Author: David Hertzel
Publisher: Rowman & Littlefield
Category: Social Science
People involve their ancestors in every aspect of culture. Individuals and societies worldwide and throughout history have incorporated ancestors into rituals public and private, religious and secular. Societies often organize their aristocracies, tribes, and other kinship groups around ancestral constructions which are defined through laws and customs governing marriage, naming, guardianship, inheritance, and other social practices. Medical professionals consider ancestral information important to a patient’s diagnosis and to the study of disease; many psychiatrists consider one’s relationship to ancestors important in understanding the mental and emotional disposition of subjects. Ancestry and perceptions of ancestry frequently function as a determinant of personal, ethnic, racial, and national identity. For all its larger philosophical, medical, psychological, and religious implications, one fascinating aspect of ancestry is how passionately many people hold to ‘their own’ ancestry, and to their own perceptions of the same. In Ancestors, David Hertzel offers an introductory foray into the nature of relationships people today have with their ancestors, and explores the significance of ancestry and ancestral belief in our modern world. Guided by two questions—“who are your ancestors?” and “what is your relationship to your ancestors?”—Hertzel interviewed thirty-five elders and people of prominence within particular social or intellectual communities. Interviewees were accomplished in an area related to ancestry, its nature or its meaning, and included genealogists, geneticists, tribal chiefs and elders, researchers in some aspect of family or ancestry, family elders, and experienced practitioners or supervisors of particular ancestral rituals. Interviewees were selected from a variety of cultural backgrounds for purposes of contrast, comparison, and breadth—but they are not spokespeople and were not asked to ‘represent’ particular belief systems, doctrines, or Peoples. Rather, the interviewees describe their own personal experiences and beliefs involving ancestors. From these interviews, Hertzel identifies common themes to ancestral practices and beliefs, such as the way we sanctify our ancestors, how we create a living narrative of our ancestry, and how experiences like suffering and love are shared across generations and appear to transcend death. Excerpts from interviews serve as examples throughout his narrative exploration of the concept of ancestry; a selection of full interviews are embedded throughout the text and offer glimpses into the diversity of ways that people think about who they are and where they come from.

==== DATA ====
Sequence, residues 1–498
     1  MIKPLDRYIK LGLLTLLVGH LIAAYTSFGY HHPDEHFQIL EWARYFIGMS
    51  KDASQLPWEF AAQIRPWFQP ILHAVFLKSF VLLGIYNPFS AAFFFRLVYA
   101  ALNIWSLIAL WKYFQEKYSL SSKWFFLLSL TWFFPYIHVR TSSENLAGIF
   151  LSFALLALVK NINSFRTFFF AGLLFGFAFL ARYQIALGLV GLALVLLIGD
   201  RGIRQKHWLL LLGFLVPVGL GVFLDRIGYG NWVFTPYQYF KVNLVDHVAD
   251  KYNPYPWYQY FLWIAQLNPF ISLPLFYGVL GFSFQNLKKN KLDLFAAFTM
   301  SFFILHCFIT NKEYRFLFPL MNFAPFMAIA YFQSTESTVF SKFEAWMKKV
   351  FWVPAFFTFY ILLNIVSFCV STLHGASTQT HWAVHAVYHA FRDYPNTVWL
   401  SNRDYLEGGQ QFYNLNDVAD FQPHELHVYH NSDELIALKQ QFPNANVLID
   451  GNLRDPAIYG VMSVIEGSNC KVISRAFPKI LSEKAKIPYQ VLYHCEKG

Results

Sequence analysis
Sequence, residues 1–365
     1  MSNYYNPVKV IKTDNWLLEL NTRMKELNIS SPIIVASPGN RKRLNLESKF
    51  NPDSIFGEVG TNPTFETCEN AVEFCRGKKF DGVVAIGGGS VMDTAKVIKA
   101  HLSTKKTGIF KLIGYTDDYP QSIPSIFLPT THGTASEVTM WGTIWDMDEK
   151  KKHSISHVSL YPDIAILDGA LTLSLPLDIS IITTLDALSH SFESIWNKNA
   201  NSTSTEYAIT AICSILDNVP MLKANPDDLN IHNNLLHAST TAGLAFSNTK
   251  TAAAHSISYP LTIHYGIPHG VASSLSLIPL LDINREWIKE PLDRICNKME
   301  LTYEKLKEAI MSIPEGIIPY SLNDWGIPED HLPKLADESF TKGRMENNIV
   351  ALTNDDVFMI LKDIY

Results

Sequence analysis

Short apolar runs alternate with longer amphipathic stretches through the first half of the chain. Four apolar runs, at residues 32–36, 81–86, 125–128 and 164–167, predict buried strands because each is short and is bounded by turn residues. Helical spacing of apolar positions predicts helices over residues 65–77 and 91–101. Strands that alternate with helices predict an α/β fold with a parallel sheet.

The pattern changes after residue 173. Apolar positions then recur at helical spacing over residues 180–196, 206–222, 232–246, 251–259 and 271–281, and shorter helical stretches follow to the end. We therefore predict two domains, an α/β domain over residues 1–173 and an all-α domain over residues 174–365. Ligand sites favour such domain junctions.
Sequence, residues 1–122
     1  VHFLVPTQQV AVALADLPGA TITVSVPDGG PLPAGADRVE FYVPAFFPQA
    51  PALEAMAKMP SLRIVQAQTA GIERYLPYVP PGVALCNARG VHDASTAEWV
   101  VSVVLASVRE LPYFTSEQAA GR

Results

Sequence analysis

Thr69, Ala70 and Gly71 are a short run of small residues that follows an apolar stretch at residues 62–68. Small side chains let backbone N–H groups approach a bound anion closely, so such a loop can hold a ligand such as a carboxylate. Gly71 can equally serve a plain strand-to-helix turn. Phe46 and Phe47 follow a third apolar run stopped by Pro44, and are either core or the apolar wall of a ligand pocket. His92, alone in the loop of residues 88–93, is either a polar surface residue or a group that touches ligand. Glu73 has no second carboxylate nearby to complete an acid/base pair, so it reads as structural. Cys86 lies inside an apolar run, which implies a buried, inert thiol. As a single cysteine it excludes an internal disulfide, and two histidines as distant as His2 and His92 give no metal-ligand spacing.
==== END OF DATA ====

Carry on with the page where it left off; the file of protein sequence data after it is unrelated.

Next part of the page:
A History of Technology and Markets
Author: Andy Kessler
Publisher: Harper Collins
Category: Business & Economics